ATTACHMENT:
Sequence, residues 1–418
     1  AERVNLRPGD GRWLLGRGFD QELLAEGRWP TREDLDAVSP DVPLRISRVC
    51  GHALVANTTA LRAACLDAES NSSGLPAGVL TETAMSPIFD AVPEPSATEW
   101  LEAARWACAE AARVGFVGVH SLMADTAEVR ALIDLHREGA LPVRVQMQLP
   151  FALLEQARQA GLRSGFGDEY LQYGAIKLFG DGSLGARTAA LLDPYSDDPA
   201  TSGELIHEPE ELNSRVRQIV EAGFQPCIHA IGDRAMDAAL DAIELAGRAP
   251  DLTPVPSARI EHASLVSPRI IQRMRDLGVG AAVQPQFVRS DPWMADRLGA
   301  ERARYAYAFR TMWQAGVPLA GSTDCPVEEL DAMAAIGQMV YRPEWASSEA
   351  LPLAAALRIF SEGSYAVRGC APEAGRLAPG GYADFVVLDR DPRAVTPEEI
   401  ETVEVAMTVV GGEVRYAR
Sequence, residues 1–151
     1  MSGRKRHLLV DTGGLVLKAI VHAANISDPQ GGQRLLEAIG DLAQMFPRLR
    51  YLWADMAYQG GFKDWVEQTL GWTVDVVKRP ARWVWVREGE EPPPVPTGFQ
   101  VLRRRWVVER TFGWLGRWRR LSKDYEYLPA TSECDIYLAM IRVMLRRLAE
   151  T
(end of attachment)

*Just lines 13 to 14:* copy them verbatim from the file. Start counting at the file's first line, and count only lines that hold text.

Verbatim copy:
    51  YLWADMAYQG GFKDWVEQTL GWTVDVVKRP ARWVWVREGE EPPPVPTGFQ
   101  VLRRRWVVER TFGWLGRWRR LSKDYEYLPA TSECDIYLAM IRVMLRRLAE